but I dunno how, but it got cracked.

And so then I got someone to make this

and add it on, which I love.

We did have a lovely plum tree,

but it blew down half in a storm

and we used to use the ladder to pick all the plums,

but I've now got a son who's mad about making things,

so he's often using that.

During the flood,

the Aga that was here got damaged

and it was an oil one,

so then I was able to get rid of the oil tank

and put in this electric one.

I was very lucky.

I was able to ask,

which now become a wonderful friend,

Emma Burns of Sibyl Colefax to help me.

And she came up with a design for the new unit

and it was brilliant.

I always say, this cottage,

it's super modern in terms of comfort,

but you know, you wouldn't really see that.

And it just feels like it's lots of antiques

and lovely things that I love.

I love making cakes and I've always made loads of cakes,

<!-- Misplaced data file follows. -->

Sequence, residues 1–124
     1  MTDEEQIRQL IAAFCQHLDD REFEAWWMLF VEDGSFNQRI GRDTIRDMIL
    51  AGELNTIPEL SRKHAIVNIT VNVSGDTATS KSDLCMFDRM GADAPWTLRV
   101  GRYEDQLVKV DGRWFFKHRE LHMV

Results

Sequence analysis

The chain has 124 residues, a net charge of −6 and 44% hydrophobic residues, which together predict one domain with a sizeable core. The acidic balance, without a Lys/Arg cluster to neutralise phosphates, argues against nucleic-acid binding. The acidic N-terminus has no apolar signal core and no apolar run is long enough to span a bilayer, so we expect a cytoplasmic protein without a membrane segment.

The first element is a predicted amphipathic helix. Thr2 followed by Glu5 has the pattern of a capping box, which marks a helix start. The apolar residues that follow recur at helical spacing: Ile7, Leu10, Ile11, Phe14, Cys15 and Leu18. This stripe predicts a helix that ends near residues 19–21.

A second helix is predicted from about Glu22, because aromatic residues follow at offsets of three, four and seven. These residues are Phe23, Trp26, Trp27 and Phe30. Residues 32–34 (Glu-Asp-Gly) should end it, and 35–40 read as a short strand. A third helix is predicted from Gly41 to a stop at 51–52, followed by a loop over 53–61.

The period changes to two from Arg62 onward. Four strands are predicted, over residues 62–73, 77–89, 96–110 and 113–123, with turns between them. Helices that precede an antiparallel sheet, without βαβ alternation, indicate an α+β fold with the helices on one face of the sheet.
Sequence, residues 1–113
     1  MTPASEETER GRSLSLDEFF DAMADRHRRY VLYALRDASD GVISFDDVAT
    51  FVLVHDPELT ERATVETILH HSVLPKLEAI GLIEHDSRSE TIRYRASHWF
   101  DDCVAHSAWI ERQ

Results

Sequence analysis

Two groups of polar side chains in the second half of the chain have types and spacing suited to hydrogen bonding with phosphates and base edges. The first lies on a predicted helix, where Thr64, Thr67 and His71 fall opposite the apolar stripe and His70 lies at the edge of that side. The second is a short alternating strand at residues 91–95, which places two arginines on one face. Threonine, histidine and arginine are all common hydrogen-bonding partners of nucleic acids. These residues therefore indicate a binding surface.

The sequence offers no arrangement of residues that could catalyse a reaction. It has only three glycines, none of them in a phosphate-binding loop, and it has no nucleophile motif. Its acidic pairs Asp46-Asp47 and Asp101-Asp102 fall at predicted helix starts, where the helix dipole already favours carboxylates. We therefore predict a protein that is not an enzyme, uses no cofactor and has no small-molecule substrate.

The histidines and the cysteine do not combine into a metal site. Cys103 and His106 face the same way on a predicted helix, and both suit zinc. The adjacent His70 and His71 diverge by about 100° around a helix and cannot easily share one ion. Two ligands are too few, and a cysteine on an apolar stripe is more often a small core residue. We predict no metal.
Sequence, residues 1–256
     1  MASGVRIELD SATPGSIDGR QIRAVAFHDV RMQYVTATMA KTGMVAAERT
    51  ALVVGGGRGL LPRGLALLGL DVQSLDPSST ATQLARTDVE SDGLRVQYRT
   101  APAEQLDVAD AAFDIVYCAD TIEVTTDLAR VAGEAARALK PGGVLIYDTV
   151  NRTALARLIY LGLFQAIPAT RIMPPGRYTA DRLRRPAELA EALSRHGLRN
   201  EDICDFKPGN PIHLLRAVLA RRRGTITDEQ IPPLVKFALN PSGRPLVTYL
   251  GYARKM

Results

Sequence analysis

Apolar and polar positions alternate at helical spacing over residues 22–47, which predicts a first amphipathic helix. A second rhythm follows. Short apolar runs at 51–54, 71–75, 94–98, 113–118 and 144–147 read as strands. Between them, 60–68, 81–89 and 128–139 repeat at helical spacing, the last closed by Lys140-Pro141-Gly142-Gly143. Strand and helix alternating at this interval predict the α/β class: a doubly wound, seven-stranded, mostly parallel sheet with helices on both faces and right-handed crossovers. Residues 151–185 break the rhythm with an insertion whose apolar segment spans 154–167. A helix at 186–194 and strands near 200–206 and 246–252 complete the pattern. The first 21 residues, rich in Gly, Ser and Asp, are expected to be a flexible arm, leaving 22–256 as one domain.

but I have never been able to ice like Maria.

So this is my bedroom.

I have the same bed here as in London.

I just find it a very, very cozy, comfortable bed.

And it's always got children and dogs.

And hidden in there as a TV,

and we sit and watch TV here together.

The bed is a kind of real example

of how I love layering.

This is one of Natalie Farman-Farma's

Russian inspired fabrics

and just the perfect palette of colors

with the beautiful carpet, antique carpet,

and then this is an American patchwork

which I found really locally, actually.

It is so harmonious.

I love having big cushions on a bed,

because they're just so nice to sit up and read.

I use this lovely little fireplace a lot.

It looks very ornamental,

but it's actually very very effective in the winter.

And this armchair over here,

I designed for Love Your Home,

and I found an archived old Russian design

designed for the central Asian market

and I had it printed and I really fell in love with it.

So this is the only room which has actually changed,

'cause it started off,

I had one baby, my oldest son,

and then I very quickly had another son and another cot,

and then I had Maria.

So gradually, over five years,

it went from cot-cot to bed-bed.

And then in the end I had to get a third bed,

but there was this radiator and I couldn't move it,

and I wouldn't have been able to open the door either.

So I got this cast iron bed and got 'em to chop it down,

so now sometimes Maria sleeps in it